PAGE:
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The influence of ceramic surface treatments on the tensile bond strength of composite resin to all-ceramic coping materials

Journal of Prosthetic Dentistry
Elsevier - Mosby
Publication Date
DOI: 10.1016/j.prosdent.2005.08.012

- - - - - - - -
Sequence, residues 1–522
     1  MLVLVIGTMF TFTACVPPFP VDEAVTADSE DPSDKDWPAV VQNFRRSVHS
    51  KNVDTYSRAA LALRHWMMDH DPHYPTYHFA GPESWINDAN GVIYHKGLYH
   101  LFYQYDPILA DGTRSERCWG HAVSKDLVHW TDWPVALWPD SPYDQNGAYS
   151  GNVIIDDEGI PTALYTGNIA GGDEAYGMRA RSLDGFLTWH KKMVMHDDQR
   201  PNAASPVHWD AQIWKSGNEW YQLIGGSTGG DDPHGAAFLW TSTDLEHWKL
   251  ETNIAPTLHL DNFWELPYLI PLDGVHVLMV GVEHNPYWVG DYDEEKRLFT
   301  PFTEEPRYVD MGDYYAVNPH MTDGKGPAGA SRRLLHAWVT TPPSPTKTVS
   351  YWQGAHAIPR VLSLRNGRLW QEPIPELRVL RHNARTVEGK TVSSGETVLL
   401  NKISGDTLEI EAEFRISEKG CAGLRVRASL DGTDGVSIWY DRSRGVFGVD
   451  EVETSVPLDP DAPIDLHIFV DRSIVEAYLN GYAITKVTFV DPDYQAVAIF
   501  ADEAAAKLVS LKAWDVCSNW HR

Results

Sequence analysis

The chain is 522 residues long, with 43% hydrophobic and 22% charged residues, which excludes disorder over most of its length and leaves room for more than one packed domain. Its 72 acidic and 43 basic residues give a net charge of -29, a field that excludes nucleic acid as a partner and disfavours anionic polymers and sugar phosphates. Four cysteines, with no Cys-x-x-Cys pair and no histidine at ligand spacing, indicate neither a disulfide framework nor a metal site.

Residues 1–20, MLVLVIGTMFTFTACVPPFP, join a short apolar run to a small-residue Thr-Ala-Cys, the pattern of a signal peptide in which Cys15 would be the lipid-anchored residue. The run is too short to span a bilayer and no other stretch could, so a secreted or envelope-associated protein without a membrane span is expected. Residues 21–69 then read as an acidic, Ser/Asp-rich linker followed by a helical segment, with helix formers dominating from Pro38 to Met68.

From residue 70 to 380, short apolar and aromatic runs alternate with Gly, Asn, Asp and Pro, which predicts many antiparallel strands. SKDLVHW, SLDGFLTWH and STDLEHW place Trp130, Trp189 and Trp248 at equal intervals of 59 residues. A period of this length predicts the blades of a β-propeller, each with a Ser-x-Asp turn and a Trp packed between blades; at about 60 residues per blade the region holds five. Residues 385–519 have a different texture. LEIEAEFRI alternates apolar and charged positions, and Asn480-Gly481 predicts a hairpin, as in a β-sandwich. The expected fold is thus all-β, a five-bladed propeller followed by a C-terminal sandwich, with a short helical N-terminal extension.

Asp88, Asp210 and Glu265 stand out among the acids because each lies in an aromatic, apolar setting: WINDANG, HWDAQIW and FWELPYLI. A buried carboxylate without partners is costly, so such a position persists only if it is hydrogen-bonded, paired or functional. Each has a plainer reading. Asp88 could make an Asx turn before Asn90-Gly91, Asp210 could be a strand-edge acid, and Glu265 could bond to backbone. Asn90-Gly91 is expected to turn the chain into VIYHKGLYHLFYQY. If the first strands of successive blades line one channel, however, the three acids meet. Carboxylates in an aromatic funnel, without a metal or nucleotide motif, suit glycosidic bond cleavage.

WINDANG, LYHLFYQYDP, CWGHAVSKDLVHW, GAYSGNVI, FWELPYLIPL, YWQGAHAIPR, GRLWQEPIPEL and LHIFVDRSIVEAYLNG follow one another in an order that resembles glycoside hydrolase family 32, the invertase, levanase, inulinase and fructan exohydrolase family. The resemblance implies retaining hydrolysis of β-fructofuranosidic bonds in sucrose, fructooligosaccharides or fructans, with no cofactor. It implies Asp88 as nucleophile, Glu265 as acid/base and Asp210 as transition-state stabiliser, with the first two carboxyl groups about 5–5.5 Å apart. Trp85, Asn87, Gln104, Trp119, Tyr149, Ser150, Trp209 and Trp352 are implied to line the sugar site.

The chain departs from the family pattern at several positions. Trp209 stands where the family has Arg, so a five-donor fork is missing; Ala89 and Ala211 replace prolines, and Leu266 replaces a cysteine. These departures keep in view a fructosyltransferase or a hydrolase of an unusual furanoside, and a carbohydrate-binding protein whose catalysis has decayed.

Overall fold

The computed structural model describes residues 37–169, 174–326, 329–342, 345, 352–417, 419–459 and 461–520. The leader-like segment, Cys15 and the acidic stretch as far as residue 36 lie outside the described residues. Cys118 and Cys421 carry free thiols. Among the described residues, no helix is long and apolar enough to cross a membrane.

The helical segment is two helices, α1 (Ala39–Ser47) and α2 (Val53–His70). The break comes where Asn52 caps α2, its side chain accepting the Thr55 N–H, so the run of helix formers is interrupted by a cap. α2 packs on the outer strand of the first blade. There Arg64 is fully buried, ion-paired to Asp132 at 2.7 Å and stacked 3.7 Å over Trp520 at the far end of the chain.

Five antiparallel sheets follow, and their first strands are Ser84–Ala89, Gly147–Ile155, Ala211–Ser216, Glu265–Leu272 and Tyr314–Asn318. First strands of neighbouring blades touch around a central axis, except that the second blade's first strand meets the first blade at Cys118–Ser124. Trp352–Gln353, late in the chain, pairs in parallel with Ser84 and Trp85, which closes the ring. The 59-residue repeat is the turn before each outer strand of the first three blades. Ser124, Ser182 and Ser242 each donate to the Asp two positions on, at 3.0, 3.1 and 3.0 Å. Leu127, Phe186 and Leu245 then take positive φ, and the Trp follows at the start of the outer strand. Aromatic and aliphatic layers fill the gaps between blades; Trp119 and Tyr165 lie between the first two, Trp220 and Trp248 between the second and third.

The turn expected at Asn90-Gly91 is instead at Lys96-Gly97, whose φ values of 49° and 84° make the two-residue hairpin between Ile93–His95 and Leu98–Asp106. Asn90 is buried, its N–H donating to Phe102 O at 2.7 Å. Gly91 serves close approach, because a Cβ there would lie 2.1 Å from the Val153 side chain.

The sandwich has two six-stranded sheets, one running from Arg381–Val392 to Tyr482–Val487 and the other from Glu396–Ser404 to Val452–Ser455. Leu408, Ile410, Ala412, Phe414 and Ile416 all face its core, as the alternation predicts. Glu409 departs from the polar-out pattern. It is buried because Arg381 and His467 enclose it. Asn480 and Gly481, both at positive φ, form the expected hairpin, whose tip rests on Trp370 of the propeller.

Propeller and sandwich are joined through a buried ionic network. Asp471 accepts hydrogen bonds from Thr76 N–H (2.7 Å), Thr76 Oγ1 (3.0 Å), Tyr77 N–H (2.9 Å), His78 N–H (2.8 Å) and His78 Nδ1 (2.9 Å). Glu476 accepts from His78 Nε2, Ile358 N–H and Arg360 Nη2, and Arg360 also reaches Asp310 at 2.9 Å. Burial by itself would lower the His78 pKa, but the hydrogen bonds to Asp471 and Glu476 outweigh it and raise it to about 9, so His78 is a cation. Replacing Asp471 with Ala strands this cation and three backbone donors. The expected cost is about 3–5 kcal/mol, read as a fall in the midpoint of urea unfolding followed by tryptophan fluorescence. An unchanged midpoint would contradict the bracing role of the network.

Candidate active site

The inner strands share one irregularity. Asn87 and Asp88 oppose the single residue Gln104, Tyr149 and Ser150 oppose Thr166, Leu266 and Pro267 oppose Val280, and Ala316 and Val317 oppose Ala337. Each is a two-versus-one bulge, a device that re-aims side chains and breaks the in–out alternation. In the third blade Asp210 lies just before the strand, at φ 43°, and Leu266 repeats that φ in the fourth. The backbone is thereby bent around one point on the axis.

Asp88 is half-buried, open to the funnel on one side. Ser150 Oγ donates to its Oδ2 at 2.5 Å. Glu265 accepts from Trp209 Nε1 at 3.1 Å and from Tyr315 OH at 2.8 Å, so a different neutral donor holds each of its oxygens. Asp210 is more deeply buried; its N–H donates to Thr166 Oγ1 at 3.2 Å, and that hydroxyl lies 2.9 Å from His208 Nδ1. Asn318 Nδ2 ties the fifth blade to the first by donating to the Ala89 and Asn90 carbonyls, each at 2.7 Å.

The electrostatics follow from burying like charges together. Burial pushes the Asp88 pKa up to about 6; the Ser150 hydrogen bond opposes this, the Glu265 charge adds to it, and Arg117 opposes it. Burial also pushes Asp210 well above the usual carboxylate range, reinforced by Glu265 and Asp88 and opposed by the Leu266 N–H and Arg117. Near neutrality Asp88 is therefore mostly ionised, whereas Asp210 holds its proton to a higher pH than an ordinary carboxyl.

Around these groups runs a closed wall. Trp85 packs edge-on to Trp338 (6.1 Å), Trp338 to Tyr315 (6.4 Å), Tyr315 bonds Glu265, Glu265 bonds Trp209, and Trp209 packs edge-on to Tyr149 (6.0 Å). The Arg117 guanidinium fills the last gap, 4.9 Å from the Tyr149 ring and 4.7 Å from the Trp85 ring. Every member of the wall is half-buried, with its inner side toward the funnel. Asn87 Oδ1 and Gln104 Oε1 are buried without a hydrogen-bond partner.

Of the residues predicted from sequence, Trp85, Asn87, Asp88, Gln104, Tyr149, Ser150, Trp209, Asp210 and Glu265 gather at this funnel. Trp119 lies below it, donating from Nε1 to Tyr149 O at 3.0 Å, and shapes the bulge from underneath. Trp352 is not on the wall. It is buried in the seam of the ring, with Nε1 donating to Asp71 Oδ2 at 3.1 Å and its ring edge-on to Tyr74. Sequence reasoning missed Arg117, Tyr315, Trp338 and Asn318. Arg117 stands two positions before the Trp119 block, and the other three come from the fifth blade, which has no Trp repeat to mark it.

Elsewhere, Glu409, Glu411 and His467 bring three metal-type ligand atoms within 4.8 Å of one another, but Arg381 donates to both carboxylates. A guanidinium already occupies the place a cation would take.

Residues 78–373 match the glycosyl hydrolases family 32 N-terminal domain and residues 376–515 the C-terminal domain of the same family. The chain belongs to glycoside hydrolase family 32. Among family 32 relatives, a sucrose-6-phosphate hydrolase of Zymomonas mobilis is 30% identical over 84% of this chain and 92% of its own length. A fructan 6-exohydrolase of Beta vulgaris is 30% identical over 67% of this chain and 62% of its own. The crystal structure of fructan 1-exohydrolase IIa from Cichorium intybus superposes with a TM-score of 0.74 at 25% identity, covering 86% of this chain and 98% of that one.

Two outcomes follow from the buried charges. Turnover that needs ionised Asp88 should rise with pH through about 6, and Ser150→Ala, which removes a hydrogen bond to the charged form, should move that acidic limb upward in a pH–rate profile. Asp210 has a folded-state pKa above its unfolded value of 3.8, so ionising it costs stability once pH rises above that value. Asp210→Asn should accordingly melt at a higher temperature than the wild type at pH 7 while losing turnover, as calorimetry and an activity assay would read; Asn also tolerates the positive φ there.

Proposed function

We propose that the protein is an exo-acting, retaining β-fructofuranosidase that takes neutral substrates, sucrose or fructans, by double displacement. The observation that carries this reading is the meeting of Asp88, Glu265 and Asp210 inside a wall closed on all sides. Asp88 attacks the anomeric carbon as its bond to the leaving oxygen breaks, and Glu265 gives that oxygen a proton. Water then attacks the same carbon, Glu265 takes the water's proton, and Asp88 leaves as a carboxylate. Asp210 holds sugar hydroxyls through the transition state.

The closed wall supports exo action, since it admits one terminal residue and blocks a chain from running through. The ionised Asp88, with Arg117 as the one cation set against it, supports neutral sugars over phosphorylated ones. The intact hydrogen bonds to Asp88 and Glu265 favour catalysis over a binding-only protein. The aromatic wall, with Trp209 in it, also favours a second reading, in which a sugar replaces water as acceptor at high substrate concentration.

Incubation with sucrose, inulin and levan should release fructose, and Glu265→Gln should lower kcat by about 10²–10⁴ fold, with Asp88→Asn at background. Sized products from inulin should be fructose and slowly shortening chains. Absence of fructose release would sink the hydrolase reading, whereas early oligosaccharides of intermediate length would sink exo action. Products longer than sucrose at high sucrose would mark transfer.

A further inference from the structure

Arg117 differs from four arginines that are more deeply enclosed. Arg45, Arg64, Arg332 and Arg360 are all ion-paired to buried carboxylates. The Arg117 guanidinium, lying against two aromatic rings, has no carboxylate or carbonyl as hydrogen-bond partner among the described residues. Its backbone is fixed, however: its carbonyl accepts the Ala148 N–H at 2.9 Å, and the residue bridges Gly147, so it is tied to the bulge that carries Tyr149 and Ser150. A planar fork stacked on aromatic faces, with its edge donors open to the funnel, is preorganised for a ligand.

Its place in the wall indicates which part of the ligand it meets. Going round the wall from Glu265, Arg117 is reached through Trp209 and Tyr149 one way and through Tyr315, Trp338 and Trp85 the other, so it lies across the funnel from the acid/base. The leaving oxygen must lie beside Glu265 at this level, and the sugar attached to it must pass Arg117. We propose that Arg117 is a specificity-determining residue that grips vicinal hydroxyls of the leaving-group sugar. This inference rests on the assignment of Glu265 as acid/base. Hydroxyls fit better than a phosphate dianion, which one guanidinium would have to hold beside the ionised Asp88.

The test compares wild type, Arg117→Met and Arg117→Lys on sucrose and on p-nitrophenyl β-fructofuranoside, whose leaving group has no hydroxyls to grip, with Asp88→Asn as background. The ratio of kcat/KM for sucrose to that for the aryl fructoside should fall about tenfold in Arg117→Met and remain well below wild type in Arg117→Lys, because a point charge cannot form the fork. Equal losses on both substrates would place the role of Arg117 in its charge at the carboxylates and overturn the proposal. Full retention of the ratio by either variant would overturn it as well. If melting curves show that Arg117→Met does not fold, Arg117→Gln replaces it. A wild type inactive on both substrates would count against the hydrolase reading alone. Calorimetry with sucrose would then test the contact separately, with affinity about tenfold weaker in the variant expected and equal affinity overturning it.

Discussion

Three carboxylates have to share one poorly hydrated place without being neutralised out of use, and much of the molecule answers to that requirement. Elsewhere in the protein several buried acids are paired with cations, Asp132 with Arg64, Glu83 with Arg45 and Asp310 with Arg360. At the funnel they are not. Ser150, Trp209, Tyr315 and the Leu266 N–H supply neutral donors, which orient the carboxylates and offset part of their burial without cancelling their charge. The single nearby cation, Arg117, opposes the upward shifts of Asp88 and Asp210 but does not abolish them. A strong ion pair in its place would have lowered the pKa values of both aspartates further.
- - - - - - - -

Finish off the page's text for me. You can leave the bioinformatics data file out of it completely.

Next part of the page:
Statement of problem An increasing demand for esthetic restorations has resulted in the development of new ceramic systems, but the fracture of veneering ceramics still remains the primary cause of failure. Porcelain repair frequently involves replacement with composite resin, but the bond strength between composite resin and all-ceramic coping materials has not been studied extensively. Purpose The purpose of this study was to evaluate the tensile bond strength of composite resin to 3 different all-ceramic coping materials with various surface treatments. Material and methods Thirty specimens (10 × 10 × 2 mm) each of lithium-disilicate ceramic (IPS Empress2 [E]), alumina ceramic (In-Ceram Alumina [I]), and zirconia ceramic (Zi-Ceram [Z]) were fabricated. Feldspathic ceramic (Duceram Plus [F]) was used as the control. Each material was divided into 3 groups (n=10), and 3 different surface treatments were performed: airborne-particle abrasion with 50-μm alumina particles (Ab); airborne-particle abrasion with 50-μm alumina particles and acid etching with 4% hydrofluoric acid (Ae); or airborne-particle abrasion with 30-μm alumina particles modified with silica acid (Si). After surface treatment of ceramic specimens, composite resin cylinders (5-mm diameter × 10-mm height) were light polymerized onto the ceramic specimens. Each specimen was subjected to a tensile load at a crosshead speed of 2 mm/min until fracture. The fracture sites were examined with scanning electron microscopy to determine the location of failure during debonding and to examine the surface treatment effects. Two-way analysis of variance and the Duncan multiple comparison test (α=.05) were used to analyze the bond strength values. Results There were significant differences in the bond strengths for both ceramics ( P<.001) and surface treatments ( P<.001) and the interaction ( P<.001). The Duncan analysis yielded the following statistical subsets of the bond strength values: (FAe, ISi, EAe, ZSi) > FAb > (FSi, EAb, ESi) (IAb, IAe) > (ZAe, ZAb). The results illustrate no differences within the parentheses but statistically significant differences among the groups. Conclusion Alumina and zirconia ceramic specimens treated with a silica coating technique, and lithium disilicate ceramic specimens treated with airborne-particle abrasion and acid etching yielded the highest tensile bond strength values to a composite resin for the materials tested.

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